Flagship Pioneering led an $88.9 million Series C for Invaio Sciences that will help the agricultural science startup bring its debut offerings to market within two years, said a general partner at Flagship.
Ignacio Martinez – who also serves as founding chief executive at Cambridge, Massachusetts-headquartered Invaio – told Agri Investor the company has attracted more agriculture-focused investors and strategics earlier in its development, than other relevant companies developed by Flagships such as Indigo Agriculture, Inari and CIBO Technologies.
Unnamed investors in Invaio’s late May Series C, he said, include experts in the agricultural space with a global understanding of the industry.
Martinez explained that since its 2018 founding, Invaio has been pursuing research to develop an integrated approach to pest management in harmony with the industry’s broader shift from chemicals to a biological approach.
He added that an uptick in activity among industry incumbents who in recent years have been preoccupied with integrating large acquisitions, has combined with a positive turn in the overall ag cycle to help propel a broad increase in interest in ag science among investors.
“We are interacting with more and more groups that are keen on understanding how agtech and agricultural technologies can be a good sector for investing and understanding that this is not a short-term play, it’s more of a long-term play,” said Martinez, who leads ag-focused investments at Cambridge-headquartered Flagship, which also invests in healthcare and therapeutics.
“In the case of Invaio, we are not thinking about generating revenues in five years, we are generating revenues at the end of this year or beginning of next year.”
Propriety elements of the company’s approach, Martinez explained, include the combination of active ingredients within its biological inputs, a 3D-printed device for physical injection into trees and biological delivery systems allowing for foliar applications and seed treatment. Invaio has also developed its own mode of action for the insect microbiome and is working on products to help sustain the health of bees.
In the near-term, Invaio has been working with olive farmers in Italy to test an approach to managing the Xylella fastidiosa pathogen, while also developing products focused on combatting citrus greening and reducing carbon emissions in crop production, said Martinez. He added that the company has distinct platforms focused on row crops, vegetables and perennials, the last of which being the most likely to be sold first.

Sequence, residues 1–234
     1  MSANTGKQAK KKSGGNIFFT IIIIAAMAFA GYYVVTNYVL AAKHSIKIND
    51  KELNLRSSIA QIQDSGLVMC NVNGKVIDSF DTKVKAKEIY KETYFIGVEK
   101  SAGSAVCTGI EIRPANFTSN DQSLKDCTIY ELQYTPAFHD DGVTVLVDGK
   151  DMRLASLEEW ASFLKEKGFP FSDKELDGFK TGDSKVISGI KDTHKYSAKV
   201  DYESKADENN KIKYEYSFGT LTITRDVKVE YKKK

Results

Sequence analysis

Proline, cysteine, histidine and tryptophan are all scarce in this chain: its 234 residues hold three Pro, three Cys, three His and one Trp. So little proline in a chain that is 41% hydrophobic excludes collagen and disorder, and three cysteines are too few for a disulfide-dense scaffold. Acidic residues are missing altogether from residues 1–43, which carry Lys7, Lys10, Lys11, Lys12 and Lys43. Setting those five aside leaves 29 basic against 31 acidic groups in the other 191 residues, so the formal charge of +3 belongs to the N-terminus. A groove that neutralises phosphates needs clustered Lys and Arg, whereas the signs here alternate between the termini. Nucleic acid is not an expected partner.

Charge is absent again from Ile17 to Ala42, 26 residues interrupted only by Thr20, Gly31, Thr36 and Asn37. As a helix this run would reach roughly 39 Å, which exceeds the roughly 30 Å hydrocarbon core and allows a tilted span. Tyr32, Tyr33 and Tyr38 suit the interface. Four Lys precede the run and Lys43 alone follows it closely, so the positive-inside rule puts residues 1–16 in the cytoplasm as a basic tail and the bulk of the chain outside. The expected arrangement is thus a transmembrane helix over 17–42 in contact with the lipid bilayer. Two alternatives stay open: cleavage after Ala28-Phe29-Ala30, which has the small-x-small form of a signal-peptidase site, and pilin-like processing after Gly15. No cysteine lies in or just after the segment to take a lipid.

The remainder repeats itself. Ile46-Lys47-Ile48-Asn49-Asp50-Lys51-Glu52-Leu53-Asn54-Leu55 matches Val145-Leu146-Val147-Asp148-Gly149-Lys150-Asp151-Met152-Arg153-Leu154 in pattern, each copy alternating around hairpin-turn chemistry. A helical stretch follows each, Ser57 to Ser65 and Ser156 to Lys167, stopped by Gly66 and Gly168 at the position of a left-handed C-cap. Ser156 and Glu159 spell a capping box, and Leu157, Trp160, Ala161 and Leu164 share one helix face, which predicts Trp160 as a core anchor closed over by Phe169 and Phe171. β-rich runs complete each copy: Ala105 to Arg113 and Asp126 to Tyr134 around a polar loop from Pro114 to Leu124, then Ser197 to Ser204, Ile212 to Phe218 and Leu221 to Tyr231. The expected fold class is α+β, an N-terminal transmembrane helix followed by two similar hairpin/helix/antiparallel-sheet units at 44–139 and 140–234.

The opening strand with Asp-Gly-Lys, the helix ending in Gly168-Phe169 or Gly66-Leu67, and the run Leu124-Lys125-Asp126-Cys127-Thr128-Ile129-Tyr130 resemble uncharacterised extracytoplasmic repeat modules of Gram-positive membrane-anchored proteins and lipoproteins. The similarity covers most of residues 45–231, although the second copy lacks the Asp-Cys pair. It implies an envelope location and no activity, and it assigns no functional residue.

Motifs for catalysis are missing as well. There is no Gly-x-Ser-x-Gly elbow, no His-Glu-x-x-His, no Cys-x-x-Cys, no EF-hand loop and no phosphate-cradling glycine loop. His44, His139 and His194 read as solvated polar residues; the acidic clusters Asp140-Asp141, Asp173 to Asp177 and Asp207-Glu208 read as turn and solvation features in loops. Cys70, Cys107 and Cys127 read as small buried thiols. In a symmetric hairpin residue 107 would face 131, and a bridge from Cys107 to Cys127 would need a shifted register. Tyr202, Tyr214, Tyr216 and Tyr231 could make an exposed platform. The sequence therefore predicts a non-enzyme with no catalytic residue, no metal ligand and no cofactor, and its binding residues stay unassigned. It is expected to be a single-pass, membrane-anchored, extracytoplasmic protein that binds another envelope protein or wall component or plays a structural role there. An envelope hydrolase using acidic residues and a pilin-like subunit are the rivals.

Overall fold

“In some segments, we will go direct and work with growers, that’s what we are doing in perennials. In other areas, we will partner with other startups or bigger companies or retailers,” Martinez said. “We are open-minded as to how we are going to go to market in the future.”
The Series C brought Invaio’s total capital raised to $142 million and included investments by Waltham, Massachusetts-headquartered venture capital firm Stage 1 Venture; Dublin, Ireland-headquartered investment consultants Bluwave Innovation Capital; and Alexandria Venture Investments, a strategic venture capital platform affiliated with New York Stock Exchange-listed life sciences-focused real estate investors Alexandria.
“People are realizing the world is transitioning in many dimensions for many industries, and agriculture is one of them,” Martinez said of the fundraising environment. “There are more people interested in the sector because it has a humongous ESG component, so people are looking at this area now – which I think is great for the ecosystem.”
Flagship closed its seventh Origination Fund, which Martinez declined to address directly, on $1.1 billion in April 2021. Affiliate title Buyouts reported in late May that the success of Flagship-backed Moderna’s covid-19 vaccine inspired the firm to re-open the vehicle, which is now seeking $3 billion.